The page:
Earlier this month, a Tennessee pastor opined on the story of the Prodigal Son. Feminism. He found feminism in it. Seriously, what the heck. Here is what he said in his sermon:
I read the story, and there’s a partner missing.
I’ve looked at it every which way — I’ve turned it sideways, and I’ve looked at it backwards and read it — I mean, somewhere, there’s a parent missing. You say what you want to, but mama ain’t nowhere in this story.
I don’t know, she might have been getting her nails done. She might have been at the tanning bed. She might have been working out. You know, a lot of mothers today are more interested in their figure than they are their family.
That’s a disgrace, ma’am. Amen! You spend more time in the gym than you do in the kitchen, something’s wrong somewhere. Oh yeah!
I don’t know where mama was. She might have been at a women’s meeting. I don’t know where she went, but I know where she wasn’t! She wasn’t in this story!
I’m going to assume that he knew that there weren’t nail salons, tanning beds, or gyms when the New Testament was written. Because if not, that’s just a level of willful ignorance I can’t deal with today.
They also didn’t have women’s meetings. At least, not feminist women’s meetings. A lot of things were divided by gender back then, so it’s entirely possible that women, for example, went to the temple separately from men, maybe during separate hours. Or through a separate gate. Or not at all, what do I know! I am not an expert on this historical period in this specific area of the world.
But let’s talk about gender and parenting. Up until the last two centuries, women in many parts of the world often had little to do with raising their sons after they were old enough to tag after their fathers. And in the story about the Prodigal Son, both sons were fully grown—old enough to leave home.
The current role of mothers in our society vis a vis raising children is a new invention that is fundamentally different from most of what came before. For centuries and millennia before, women’s time was taken up primarily with the running of the household. Children were around, but mothers were not providing the sort of intensive parenting expected of mothers today. Once children were five or six, boys were expected to work with their fathers and girls were expected to assist their mothers in running the household.
Before running water, electricity, and mass consumption, running a household involved far more work than it does today. Grocery shopping had to be done every day—they didn’t have refrigerators—and laundry had to be done by hand, as did soap making, etc. In addition, households were often centers of enterprise (this includes the one in the Prodigal Son story), and this required feeding and clothing hired people as well.
Take a look at Proverbs 31. You know what’s shocking about it, from a modern perspective? The only mention of the Proverbs 31 woman’s children—the only hint that she has children at all—comes at the end, when they rise up to call her blessed. The rest of the story is about her wisdom managing the household—making purchases, engaging in commerce, buying and selling land, providing food for her servants. There is not even a mention of her engaging with her children—and yet they rise up and call her blessed.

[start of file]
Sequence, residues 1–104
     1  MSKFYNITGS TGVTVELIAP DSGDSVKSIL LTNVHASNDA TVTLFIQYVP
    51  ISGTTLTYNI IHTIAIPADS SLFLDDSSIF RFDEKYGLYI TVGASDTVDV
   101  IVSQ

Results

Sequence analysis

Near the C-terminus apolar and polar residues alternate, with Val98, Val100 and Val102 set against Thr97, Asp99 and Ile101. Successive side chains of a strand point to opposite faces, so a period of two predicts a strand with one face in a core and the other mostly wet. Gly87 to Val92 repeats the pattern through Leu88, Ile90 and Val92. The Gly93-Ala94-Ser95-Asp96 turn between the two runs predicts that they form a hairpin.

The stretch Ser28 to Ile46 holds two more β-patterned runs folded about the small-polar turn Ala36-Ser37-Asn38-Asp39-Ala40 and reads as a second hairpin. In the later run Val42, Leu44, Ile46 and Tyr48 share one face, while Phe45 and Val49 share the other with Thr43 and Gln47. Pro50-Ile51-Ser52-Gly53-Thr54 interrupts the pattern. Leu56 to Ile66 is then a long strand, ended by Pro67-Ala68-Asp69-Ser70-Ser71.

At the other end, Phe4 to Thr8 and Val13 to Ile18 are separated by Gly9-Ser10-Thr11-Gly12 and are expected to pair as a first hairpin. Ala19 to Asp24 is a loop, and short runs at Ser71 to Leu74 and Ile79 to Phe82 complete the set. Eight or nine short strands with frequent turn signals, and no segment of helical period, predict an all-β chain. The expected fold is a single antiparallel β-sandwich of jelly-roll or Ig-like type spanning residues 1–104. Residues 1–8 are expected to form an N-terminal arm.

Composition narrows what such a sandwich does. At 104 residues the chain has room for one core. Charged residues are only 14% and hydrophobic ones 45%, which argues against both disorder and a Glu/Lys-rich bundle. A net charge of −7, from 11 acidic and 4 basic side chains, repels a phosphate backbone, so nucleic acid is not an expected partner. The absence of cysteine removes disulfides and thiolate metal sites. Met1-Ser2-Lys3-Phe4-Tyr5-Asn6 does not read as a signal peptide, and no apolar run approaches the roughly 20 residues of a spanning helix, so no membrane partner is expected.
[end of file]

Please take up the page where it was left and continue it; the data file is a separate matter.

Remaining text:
Women were simply not expected to engage in the sort of intensive parenting expected of mothers in our society today. Further, once sons were old enough to be useful, they tended to assist the father in his work, rather than hanging around with the women, who were busy getting shit done—and by that I mean doing all the “women’s work” involved in running a household. A grown or half-grown son would have spent far more time with his father than with his mother. It’s not surprising the primary character in the parable of the Prodigal Son—the one who interacts with his wayward grown son—is the father.
Now, could the mother have been included? Sure. She would doubtless have been grief-stricken to have one of her adult sons lost to the family. Parents back then were just as attached to their children as parents today. Even if she wasn’t engaged in the sort of intensive parenting we do today, the Prodigal Son’s mother would have loved and cherished her son, and would have had a relationship with him. Why, then, is she absent?
The story of the Prodigal Son is a parable. There’s nothing in the story to suggest that Jesus was trying to make a point about those feminist Judean women who are off at the nail salon when he didn’t include the mother. People get left out of parables all the time, because parables are designed to make a specific point. There’s no need to include figures that aren’t needed to make that point.
Parables tend to be told simply, so that the point they’re making doesn’t become overcomplicated. The smaller the cast of characters the better. Listeners would not have needed to be reminded of the mother’s grief to understand the father’s. Most people understand this. When I looked up Christian commentary on this parable, several sources said that the father was the stand-in for both parents.
If Jesus had been trying to make a point about the mother, that point wouldn’t have lain undiscovered until a Tennessee pastor saw an opportunity to make a jab at the women in his congregation for getting their nails done.
You know who would have really shocked our Tennessee pastor? The Proverbs 31 parent, spending all that time buying and selling and sewing and trading and engaging in commerce, to the extent that caring for her children is such an afterthought it is not even mentioned. Huh! It’s almost like ideas about motherhood change from time to time and we shouldn’t assume our norms were true in the past! Weird how that works!
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